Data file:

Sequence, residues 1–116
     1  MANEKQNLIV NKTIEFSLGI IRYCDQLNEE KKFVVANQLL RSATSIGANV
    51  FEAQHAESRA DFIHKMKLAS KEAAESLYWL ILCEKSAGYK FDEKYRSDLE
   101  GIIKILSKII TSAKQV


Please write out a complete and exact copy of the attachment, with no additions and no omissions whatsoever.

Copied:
Sequence, residues 1–116
     1  MANEKQNLIV NKTIEFSLGI IRYCDQLNEE KKFVVANQLL RSATSIGANV
    51  FEAQHAESRA DFIHKMKLAS KEAAESLYWL ILCEKSAGYK FDEKYRSDLE
   101  GIIKILSKII TSAKQV